' ment; and weliave befoti hieopies of
which have been pijnte4.i..iai4''0f
members, -.v v.'
ing September 80th.l863r aoriil84i.;
88, which, together with the bahauj3this fund
on the 80th September, of Haljft 02, make
$17,760,373 90. ; Thoiabarsia'iDe' ';
period were 115,078,922 97, leaving o hand ipnihe
1st of October $2,671,460 98t ;iipta of the
literary fund for the same'periodVwiri508l782 6
and thisbureemente $281,62Iheae large
receipts and expenditures of isjfend are
mamly on account of the miUtaigfHablishment
maintained by the State for the fothing
troops and purchasing Bupplies : l.
SUtement'A is an iBtereaung'and valuable table
prepared by Mr. Wortlshowtag otal amount
of State bonds issued, date of issui'when due,by
what authority issued, and (or wjoe Tht
whole amount is '$21,18iikoai)t
$8,949,500. weri issued V previoq; L the . 20th
of May, 1881, and are known id coupon
and :iter4:oW;Th-..&-wbJe1i the
fconda of all kinds wittftll due r i8fi to
'1888; the amount, however, wid C!Jjhe-
-fcre't8Sa-ia small, and will bt TeaWloMded for
by tfio sinking fund. : 0
The whole amount of the Sta deU $26,226,
484 90, as fallows : Bonded debt $21,132,000, tireas
ury notes in. circulation $3,829,88 90, Coupons
unpaid $1,156,183, temporary loans $608-428. i The
whole amount of Slate treasury notes issued is $5,
235,075 05. Of. these $1,905,246. 15 ave ; been
funded or otherwise withdrawn from circulation, leav
ing the above amount in circulation, of which $2,
145,043 90 are of small denominations, and uuTund
able. "". " ' ' "; ':
Mr. Worth has issued as few treasury notes as
possible, but has used Confederate currency in all
his transactions when not positively directed by the
Legislature to pay outvtreasury notes. .The result
is that while the treasury notes of other States are
only at par, North-Carolina uhfundahle. treasury
notes(onesandtwo)aresellingattwoforohe, and the
fundables at 250 to 260. In this, as well as many
other respects that might be mentioned,he has ex
hibited eminent judgment and ability as a financier ; '
and it is fortunate for the State that she has such
an officer in this crisis! We make the following
extracts from Mr. Worth's report: -'
THE STATES INDEBTEDNESS.-
Exnibit A, shows the bonds outstanding against
the State, for what purpose, by what authority, and
at what date issued, when due, and amount. - The
amount of these bonds is $21,132,000, but in this
sum is embraced $1,500,000, deposited in England
as collateral security for the delivery of cotton,'
which the State has contracted to, deliver, there.
The State has purchased and has oh hand cotton
probably worth as much, st the price agreed on, as
Ihe debt we owe in England. The first class of
bonds mentioned in this Exhibit, amounting to $53,
000, 1 do not find mentioned in toe reports of my
predecessor. They are overdue, and I. was not
aware that they were in existence until a number
of the class were presented for payment . At what
time they fell due I am unable to state, not having
been able to find any entry in the office showing,
the date of their issue, or the number and amount
issued. JThey are registered bonds j and J find in
the office a book in which the holders of these bond i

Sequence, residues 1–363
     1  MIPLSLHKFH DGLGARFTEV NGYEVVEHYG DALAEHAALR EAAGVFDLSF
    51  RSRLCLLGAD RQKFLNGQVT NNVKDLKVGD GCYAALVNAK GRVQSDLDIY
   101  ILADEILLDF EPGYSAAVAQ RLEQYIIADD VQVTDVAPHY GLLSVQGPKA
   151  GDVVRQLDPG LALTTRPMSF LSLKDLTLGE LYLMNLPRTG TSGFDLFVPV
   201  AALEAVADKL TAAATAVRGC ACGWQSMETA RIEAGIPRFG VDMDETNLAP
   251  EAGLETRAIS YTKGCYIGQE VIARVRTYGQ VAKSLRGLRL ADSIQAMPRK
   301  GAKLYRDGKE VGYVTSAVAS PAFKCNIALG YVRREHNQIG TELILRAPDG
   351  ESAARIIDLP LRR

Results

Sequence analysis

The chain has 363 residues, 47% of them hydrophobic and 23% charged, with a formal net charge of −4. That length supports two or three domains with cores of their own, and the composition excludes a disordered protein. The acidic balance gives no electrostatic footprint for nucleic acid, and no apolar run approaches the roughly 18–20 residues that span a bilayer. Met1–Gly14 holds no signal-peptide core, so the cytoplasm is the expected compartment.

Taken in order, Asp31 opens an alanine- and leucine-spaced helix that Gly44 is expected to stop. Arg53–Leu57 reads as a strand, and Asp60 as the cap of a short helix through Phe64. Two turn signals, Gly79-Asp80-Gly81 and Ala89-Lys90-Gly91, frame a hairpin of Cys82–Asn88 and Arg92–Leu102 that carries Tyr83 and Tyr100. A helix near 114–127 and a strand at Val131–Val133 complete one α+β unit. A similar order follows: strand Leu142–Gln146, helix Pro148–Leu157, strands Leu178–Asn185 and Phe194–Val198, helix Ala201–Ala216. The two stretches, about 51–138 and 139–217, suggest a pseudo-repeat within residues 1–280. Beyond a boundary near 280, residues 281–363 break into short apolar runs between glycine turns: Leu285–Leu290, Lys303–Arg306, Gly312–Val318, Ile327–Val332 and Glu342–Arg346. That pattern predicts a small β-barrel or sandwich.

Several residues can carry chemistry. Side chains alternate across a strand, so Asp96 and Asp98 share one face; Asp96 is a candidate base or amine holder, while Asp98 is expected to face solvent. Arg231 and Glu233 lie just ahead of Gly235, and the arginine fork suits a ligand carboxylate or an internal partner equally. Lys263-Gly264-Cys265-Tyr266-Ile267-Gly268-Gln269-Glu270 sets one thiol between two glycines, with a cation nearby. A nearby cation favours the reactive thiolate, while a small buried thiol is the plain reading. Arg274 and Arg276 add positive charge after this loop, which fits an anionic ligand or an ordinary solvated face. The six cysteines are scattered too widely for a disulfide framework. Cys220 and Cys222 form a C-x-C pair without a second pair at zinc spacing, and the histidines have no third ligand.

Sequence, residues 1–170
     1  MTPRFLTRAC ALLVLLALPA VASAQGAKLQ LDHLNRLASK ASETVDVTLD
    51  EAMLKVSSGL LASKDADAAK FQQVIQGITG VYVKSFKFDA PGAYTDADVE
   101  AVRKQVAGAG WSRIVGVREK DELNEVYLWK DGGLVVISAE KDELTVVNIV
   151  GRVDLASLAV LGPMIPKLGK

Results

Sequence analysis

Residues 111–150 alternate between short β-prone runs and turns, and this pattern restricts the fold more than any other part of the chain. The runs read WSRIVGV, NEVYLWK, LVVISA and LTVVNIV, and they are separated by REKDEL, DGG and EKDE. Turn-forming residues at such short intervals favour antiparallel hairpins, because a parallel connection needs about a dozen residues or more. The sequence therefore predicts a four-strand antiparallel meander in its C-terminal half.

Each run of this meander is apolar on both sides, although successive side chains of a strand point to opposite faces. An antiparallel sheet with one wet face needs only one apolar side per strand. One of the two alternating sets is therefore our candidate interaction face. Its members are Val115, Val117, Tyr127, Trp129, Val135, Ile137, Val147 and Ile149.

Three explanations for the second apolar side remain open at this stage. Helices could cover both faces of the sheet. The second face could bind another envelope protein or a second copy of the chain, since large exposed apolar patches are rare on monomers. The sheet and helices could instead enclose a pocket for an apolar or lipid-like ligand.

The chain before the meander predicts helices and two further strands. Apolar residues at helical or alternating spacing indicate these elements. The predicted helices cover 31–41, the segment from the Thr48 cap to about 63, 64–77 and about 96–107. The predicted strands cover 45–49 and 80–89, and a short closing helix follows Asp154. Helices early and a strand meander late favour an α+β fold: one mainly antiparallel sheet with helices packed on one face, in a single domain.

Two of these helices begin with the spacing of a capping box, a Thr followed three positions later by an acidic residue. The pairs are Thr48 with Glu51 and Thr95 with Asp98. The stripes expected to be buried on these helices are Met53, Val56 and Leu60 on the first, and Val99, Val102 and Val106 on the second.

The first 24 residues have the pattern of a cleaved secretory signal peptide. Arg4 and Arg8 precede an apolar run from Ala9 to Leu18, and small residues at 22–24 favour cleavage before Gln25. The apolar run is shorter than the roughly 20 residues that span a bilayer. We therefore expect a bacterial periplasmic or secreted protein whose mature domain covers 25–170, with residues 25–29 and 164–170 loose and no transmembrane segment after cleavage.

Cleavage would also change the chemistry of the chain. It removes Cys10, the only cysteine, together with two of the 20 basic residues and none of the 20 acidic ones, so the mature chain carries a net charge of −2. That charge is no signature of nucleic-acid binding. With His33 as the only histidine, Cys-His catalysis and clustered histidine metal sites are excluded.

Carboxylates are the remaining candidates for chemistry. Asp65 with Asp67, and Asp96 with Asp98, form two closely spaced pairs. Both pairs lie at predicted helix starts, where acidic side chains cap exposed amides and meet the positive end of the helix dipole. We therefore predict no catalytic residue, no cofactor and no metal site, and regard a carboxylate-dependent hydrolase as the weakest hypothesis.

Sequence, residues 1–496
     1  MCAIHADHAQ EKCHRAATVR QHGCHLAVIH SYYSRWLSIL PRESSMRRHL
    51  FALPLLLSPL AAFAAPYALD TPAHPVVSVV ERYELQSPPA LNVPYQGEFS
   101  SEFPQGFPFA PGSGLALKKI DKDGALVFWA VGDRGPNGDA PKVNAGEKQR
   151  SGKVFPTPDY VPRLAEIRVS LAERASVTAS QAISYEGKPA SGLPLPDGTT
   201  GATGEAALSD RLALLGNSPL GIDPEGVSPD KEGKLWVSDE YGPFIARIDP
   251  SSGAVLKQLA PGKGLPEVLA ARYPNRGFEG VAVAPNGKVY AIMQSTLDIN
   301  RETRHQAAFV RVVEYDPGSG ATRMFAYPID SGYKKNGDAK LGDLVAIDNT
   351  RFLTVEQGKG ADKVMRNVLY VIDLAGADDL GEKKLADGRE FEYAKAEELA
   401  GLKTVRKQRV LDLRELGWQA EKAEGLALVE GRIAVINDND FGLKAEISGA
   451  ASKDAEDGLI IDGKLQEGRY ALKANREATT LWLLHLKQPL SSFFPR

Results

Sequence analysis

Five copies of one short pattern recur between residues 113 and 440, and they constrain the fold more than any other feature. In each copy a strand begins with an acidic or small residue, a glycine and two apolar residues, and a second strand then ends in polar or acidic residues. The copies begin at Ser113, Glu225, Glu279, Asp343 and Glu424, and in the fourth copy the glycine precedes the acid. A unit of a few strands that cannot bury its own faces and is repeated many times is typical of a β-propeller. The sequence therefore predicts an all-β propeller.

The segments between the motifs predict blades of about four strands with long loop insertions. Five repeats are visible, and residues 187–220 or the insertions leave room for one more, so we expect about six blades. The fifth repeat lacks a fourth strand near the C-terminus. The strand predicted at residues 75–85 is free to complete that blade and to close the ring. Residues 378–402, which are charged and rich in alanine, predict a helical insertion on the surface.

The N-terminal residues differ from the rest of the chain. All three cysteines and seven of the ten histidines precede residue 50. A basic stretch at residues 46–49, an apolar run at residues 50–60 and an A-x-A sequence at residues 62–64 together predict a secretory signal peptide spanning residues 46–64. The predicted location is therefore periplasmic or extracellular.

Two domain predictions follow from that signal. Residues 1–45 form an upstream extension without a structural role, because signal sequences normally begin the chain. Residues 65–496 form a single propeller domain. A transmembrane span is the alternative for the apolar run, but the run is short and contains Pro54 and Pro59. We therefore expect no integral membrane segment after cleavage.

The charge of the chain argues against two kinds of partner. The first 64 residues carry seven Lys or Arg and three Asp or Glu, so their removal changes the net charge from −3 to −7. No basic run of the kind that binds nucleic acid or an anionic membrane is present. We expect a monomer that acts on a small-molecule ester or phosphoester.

tave receipts for the semi annual iatft-ati Trnm
hich it appears that the total amount Df Mem was
$370,000. The books show the payment of $317,
000, leaving unpaid $53,000. - . v - -
Since the 1st of January last, I have Bold to the
banks, six per cent, bonds, falling due January 1st,
1893, at par, to the amount of $2,665,500 :in pay
ment of this amount due to them Tor temporary
loans ; and as a means of supplying the Treasury
in January and February last, I sold to the Com
missioners of tbe Sinking Fund, at gar, out of tha
same class of bonds, to. the amount of $970,500;
and to others at an average premium of 3 per cent
to the amount of $120,000. . - :
The income of the Sinking Fund will probably
be much more than sufficient to pay the bonds fal
ling due in 1864 and 1865. x -: -:
The Farmers' Bank and the Bank of Washington
say they have invested as much of their means in
stocks as their, charters authorize them so to invest
The latter bank, through its president,' assures me
of the willingness' of the bank to receive the bonds
of the State if its charter were so amended as to
authorize it The latter expresses a preference that
the debt remain as it is, but says it compelled to
take payment in Confederate currency or the bonds
of the State, that the latter will be preferred. '
I made known to the Banks of Wadesboro', the
Miners' and Planters' Bank and the Branches of
the Bank Of Cape Fear at Salem and Washington,
in the early part of the year, my readiness to pay
them in Confederate currency or the 6 per cent. '
bonds ot the State, at par, at their option, and re
cently repeated the notice. The Bank of Wades
boro' postponed, in the first instance, to make any
decision, and does not respond to tbe second notice.
One of the directors of the Miners' and Planters'
Bank has lately assured me that they Would shortly -present
the note held by that Bank, and take State
bonds, and the two Branches of tlie Bank of Cape
Fear, upon a second notice to them some weeks ago,'
reply that the subject has been referred to the
principal Bank, from which I have received no an- '
swer. All tbe other Banks have accepted the State
bonds in satisfaction of the debts due them for, tem